Kristian Bolin, Lena Jacobson, and Björn Lindgren
The introduction of the demand-for-health model some 30 years ago (Grossman, 1972a, b) was a major contribution to economics, and it remains a central theoretical model for the economic analysis of individual health behaviour. It was built on traditional neoclassical capital theory, the human capital theory developed for educational investments by Becker (1964), the theory of the allocation of time (Becker, 1965), and Lancaster’s new approach to consumer theory, which draws a sharp distinction between fundamental objects of choice - ‘commodities’ - and market goods (Lancaster, 1966). In his seminal paper, Grossman (1972a) emphasized (a) that health is a durable capital stock; (b) that health capital differs from other forms of human capital in that its main impact is on the total amount of time a person can spend producing money earnings and commodities rather than on his or her wage rate; and (c) that the demand for health care must be derived from the more fundamental demand for good health.
True, the demand-for-health model, as presented in Grossman’s theoretical paper, relied by necessity on a number of simplifying assumptions, ‘all of which should be relaxed in future work’ (Grossman, 1972a, p. 247). However, the paper presented a completely new approach for the economic analysis of individual health behaviour and provided essential insights; the most important predictions being that, under certain conditions, (a) age would be negatively correlated with health capital but positively correlated with expenditures on health care; (b) the individual’s wage rate would be positively correlated both with the demand for health and with the demand for health care; and (c) education would be positively correlated with health capital but negatively correlated with expenditures on health care. The demand-for-health model explains variations in health status (besides the exogenously given initial levels of health) and health care utilization among individuals.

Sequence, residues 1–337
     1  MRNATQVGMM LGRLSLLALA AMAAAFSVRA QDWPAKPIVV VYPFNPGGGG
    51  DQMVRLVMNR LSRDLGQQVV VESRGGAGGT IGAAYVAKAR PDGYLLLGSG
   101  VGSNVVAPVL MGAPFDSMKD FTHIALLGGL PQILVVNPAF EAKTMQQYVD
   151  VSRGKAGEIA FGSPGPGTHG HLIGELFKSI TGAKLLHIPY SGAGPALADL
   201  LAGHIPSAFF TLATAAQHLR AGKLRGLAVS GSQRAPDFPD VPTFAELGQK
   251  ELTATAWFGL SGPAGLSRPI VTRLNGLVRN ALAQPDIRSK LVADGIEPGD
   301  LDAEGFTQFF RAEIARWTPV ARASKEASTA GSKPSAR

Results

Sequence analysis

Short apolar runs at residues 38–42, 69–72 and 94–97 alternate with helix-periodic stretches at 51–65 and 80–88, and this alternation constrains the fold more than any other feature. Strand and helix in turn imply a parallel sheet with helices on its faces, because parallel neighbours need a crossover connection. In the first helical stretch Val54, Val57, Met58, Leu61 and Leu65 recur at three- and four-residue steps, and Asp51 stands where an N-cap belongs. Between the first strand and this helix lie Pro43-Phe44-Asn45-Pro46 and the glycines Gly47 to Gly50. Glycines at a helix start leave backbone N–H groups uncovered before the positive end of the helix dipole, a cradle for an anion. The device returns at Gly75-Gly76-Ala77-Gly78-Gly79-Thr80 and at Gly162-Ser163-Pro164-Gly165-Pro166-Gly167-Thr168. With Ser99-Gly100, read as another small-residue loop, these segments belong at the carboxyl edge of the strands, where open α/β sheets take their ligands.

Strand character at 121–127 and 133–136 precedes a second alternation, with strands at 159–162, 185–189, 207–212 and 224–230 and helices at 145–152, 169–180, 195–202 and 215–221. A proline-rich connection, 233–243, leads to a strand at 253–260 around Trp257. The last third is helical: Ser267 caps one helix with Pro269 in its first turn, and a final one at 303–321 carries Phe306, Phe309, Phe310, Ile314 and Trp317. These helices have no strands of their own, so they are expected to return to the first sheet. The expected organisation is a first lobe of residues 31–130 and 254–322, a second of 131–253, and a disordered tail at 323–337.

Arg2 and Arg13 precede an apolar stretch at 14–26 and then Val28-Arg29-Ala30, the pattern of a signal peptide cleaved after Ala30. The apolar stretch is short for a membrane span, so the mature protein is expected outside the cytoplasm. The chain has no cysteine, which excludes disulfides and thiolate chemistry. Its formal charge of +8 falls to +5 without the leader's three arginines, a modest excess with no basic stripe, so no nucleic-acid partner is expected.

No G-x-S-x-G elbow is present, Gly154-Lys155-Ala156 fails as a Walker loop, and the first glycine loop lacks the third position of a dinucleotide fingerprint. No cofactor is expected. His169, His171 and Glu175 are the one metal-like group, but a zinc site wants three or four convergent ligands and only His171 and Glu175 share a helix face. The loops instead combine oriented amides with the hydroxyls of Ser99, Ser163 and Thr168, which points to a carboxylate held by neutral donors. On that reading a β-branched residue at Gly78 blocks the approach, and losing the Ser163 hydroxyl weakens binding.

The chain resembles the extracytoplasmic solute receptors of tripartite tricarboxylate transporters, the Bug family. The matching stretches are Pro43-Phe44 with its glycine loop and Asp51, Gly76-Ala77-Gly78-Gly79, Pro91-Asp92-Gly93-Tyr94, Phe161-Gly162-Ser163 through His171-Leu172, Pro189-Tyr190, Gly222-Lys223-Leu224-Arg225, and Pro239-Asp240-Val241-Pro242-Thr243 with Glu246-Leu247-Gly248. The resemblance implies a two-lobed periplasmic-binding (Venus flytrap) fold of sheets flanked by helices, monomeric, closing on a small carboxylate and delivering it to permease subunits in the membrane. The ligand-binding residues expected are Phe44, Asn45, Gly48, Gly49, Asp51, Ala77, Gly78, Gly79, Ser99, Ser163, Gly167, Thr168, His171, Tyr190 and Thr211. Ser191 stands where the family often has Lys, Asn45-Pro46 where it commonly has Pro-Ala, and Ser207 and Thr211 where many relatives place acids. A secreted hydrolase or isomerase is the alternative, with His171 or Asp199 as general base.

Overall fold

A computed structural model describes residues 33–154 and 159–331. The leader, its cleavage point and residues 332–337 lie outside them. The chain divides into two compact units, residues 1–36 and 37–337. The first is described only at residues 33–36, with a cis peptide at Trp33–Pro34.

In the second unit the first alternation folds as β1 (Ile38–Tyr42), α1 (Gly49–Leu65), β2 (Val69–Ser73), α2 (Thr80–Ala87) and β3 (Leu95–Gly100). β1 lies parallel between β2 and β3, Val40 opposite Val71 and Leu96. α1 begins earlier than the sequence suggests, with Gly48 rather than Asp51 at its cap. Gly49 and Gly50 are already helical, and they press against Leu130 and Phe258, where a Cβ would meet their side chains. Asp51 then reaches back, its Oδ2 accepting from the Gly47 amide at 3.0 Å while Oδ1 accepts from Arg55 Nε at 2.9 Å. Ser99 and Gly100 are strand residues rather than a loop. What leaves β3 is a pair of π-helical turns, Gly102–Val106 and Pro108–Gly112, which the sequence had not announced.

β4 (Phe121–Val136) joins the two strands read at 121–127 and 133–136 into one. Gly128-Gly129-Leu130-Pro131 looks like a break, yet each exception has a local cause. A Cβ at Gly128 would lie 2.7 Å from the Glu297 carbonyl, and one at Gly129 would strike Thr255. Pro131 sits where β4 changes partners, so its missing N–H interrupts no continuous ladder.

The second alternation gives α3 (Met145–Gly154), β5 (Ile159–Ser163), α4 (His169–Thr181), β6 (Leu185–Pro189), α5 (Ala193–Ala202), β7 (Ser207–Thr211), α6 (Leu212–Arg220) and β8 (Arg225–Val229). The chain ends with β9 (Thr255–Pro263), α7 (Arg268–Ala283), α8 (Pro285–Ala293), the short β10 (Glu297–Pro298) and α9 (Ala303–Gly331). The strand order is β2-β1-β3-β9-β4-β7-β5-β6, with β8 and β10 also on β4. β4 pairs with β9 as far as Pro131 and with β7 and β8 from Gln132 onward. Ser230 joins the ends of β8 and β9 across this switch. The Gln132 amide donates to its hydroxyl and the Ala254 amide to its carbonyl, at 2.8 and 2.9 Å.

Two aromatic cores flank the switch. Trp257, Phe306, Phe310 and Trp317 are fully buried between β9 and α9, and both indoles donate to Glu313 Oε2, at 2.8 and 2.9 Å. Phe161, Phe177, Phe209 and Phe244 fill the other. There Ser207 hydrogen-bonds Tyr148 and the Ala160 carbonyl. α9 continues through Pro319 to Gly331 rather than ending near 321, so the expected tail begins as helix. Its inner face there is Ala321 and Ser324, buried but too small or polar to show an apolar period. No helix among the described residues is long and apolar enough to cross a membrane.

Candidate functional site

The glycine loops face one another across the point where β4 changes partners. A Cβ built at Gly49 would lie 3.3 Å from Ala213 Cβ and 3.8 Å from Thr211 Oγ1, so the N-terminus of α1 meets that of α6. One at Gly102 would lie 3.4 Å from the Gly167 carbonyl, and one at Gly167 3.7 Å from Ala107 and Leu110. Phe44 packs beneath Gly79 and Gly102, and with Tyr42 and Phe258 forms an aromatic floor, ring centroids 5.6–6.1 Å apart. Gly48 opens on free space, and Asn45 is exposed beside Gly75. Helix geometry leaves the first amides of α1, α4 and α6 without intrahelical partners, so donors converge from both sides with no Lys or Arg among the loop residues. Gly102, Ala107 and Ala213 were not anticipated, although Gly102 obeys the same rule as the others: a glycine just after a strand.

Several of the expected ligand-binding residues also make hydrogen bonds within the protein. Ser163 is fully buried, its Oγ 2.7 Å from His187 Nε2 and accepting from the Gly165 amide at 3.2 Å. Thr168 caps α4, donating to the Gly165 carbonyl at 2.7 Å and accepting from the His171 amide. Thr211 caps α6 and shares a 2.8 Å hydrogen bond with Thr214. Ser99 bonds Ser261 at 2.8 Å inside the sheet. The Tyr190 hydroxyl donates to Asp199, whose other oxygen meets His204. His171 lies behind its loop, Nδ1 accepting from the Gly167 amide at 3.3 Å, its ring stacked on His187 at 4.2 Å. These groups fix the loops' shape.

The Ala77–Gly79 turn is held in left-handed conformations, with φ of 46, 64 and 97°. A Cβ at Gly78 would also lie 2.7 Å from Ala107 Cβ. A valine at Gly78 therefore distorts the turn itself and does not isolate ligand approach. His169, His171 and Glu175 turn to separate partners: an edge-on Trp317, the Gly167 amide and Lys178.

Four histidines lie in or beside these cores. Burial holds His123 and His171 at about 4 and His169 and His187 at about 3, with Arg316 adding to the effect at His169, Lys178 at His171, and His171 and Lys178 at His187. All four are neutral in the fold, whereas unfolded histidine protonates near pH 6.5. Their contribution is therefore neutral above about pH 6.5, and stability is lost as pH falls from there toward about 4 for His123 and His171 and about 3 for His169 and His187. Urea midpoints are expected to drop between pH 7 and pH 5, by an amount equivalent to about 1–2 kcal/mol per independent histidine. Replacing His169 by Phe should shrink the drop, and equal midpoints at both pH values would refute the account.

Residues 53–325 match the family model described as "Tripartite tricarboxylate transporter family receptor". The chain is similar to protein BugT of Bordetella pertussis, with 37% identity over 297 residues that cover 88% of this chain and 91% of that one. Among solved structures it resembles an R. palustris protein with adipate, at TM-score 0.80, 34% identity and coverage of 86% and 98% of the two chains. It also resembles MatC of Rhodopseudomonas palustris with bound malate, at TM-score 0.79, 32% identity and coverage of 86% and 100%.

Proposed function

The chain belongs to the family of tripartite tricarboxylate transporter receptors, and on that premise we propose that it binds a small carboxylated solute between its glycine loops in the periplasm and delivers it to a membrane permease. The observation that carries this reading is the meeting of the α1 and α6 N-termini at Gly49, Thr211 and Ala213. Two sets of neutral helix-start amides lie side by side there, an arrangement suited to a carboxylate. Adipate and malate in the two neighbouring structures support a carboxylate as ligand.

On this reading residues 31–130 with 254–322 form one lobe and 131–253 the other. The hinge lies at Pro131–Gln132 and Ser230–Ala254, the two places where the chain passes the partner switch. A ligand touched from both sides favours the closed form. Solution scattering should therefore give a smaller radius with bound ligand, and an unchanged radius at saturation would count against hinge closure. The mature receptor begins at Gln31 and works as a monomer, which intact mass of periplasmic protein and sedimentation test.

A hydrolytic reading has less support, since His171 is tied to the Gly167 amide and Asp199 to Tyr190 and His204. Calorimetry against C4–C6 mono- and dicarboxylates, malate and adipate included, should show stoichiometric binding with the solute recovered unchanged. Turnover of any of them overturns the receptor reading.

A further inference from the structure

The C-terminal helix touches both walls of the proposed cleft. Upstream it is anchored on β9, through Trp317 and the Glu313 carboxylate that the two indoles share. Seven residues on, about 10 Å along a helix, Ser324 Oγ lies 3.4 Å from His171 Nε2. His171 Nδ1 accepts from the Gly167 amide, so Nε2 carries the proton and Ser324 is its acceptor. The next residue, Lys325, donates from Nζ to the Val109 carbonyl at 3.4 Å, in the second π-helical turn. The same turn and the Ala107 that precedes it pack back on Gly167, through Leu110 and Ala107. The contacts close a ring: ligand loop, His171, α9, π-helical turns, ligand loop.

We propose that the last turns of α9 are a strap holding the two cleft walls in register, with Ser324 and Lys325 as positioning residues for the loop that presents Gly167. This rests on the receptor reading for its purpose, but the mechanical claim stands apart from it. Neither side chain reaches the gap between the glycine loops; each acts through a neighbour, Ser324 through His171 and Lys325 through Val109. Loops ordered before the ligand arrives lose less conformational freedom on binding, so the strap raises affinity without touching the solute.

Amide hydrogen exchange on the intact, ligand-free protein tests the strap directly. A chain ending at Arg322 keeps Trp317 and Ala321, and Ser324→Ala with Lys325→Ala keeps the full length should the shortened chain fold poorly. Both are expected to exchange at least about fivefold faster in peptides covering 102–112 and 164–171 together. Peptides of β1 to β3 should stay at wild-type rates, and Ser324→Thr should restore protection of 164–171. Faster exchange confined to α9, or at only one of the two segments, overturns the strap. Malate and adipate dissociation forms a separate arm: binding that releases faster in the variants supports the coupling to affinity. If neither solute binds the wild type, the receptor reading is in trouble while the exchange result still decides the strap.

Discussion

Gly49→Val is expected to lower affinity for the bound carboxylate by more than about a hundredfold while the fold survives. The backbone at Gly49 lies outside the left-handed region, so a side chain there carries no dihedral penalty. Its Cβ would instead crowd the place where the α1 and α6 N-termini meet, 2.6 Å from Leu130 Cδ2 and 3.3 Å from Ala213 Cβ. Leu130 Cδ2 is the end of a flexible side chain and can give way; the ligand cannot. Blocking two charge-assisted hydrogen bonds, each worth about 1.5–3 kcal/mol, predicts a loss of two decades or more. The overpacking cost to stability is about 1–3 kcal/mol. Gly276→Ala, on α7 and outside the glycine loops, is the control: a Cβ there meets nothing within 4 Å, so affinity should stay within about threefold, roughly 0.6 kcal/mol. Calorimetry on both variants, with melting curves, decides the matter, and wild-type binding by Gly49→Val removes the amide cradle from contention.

Theoretical extensions and modifications of the Grossman model include the introduction of uncertainty, which inter alia implies that the individual no longer knows his or her age of death with certainty (Liljas, 1998); a ‘use-related’ deterioration of health capital influenced by, inter alia, education and other exogenous variables, and a health investment efficiency parameter